To be sure, nationalism is a dynamic concept that doesn’t lend itself to universal definition. Orwell influentially described it as identifying with a single nation or unit and recognizing no duty except the nation’s advancement, whereas some modern writers have conceived nationalism (at least of the American variety) more restrictively as a benign, “democratic” ethos defined primarily by loyalty to one’s country above all else.
Despite any descriptive variation, though, the irreducible minimum in any conception of nationalism is abrogation of the individual as the relevant unit of political power. Absent that feature, the term is incoherent. The sine qua non of nationalism is the idea that the nation is supreme, and national supremacy doesn’t admit exceptions in the name of individual liberty. So to endorse nationalism, even for purportedly benevolent purposes, is to accept the idea that the citizen exists to serve the nation rather than the reverse.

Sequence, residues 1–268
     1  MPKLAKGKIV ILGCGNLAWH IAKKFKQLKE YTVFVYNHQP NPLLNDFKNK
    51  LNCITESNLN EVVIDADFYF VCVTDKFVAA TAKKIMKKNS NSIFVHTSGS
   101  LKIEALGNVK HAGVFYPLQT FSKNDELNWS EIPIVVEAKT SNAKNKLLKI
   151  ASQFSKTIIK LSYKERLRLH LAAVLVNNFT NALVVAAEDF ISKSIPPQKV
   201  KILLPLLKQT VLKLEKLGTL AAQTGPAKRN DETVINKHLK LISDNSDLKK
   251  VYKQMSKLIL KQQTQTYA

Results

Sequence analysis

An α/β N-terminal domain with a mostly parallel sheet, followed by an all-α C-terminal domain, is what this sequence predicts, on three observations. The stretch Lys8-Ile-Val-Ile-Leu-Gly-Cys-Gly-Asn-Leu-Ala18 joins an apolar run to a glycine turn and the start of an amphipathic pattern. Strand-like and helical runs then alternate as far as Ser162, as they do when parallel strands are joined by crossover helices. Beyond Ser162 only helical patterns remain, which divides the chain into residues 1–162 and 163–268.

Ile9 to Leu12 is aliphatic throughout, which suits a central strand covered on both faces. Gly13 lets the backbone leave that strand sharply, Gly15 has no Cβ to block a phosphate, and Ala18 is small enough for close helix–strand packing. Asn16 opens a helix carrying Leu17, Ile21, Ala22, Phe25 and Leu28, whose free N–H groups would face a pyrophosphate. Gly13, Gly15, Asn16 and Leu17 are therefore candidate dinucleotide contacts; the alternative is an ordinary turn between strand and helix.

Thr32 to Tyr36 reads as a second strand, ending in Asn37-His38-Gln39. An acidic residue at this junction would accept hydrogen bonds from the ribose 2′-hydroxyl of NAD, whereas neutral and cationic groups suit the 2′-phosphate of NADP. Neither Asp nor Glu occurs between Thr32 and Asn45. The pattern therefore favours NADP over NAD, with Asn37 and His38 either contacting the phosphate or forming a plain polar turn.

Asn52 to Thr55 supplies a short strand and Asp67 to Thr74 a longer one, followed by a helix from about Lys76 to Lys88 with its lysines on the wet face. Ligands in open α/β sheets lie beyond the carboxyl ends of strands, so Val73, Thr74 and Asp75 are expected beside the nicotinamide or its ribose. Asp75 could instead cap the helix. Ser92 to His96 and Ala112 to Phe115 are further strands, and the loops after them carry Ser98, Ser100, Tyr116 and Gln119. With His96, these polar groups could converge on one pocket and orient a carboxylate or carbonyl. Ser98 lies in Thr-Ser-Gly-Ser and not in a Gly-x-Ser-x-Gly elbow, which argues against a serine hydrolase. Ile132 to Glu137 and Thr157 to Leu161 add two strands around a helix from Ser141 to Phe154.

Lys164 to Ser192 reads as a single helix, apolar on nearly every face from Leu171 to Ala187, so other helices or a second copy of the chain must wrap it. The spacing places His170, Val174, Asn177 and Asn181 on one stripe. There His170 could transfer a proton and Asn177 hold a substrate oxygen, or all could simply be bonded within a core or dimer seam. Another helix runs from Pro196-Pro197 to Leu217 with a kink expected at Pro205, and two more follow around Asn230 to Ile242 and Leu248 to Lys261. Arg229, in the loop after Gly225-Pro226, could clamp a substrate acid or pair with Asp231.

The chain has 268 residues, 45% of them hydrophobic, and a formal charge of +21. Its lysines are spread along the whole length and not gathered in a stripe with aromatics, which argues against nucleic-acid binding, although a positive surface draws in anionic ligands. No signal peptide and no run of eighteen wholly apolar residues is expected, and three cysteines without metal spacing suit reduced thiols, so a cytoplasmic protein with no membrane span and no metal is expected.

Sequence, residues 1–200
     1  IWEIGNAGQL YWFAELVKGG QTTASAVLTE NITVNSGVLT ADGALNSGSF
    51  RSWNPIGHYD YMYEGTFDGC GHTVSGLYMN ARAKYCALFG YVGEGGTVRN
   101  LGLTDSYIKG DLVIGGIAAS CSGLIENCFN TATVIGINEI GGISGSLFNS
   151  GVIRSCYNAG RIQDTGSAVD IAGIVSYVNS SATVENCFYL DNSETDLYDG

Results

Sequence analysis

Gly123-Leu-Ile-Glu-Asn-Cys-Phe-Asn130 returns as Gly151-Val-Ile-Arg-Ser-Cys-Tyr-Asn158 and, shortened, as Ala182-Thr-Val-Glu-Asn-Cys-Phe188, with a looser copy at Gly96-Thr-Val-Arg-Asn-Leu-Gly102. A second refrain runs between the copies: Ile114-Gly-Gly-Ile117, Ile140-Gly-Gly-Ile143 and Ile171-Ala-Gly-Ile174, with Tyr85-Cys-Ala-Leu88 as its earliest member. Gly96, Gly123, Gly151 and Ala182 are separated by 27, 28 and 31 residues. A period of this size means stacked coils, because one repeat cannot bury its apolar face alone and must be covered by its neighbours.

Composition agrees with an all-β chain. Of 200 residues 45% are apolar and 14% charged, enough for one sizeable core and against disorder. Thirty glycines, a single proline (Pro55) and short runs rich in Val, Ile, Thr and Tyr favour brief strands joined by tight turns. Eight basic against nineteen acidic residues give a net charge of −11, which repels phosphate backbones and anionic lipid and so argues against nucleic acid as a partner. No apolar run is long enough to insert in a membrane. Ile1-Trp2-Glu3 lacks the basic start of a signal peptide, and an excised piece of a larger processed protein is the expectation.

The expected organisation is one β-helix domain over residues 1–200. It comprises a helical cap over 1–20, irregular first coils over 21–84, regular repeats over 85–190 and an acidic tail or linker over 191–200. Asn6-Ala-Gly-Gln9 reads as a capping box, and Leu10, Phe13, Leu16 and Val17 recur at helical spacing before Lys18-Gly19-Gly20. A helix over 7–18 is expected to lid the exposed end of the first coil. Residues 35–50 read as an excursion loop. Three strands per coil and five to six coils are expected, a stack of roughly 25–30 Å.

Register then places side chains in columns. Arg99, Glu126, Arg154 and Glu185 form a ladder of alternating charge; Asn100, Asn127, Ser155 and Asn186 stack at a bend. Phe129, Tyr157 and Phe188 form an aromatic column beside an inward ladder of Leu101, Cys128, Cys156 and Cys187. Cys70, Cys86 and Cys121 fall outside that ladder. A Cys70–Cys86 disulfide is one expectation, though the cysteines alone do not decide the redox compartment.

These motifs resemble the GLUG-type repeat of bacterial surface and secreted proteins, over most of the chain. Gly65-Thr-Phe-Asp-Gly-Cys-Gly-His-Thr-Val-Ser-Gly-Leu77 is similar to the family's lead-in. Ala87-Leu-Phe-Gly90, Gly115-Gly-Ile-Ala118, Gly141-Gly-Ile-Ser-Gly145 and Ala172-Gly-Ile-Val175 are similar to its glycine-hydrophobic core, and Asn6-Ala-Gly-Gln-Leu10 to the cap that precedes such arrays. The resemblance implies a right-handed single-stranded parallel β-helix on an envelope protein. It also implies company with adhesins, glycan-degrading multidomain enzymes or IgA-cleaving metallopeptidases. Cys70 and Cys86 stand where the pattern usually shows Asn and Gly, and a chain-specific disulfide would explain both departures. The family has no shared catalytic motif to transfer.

The same goes for socialism. The two doctrines employ distinct language and imagery in expressing their respective missions — broadly, “public before self” versus “country before self” — but the basic feature of both is the use of centralized power at the expense of individual freedom to achieve an ill-defined and necessarily pliable common good. Both are, in other words, just rudimentary variants of authoritarianism.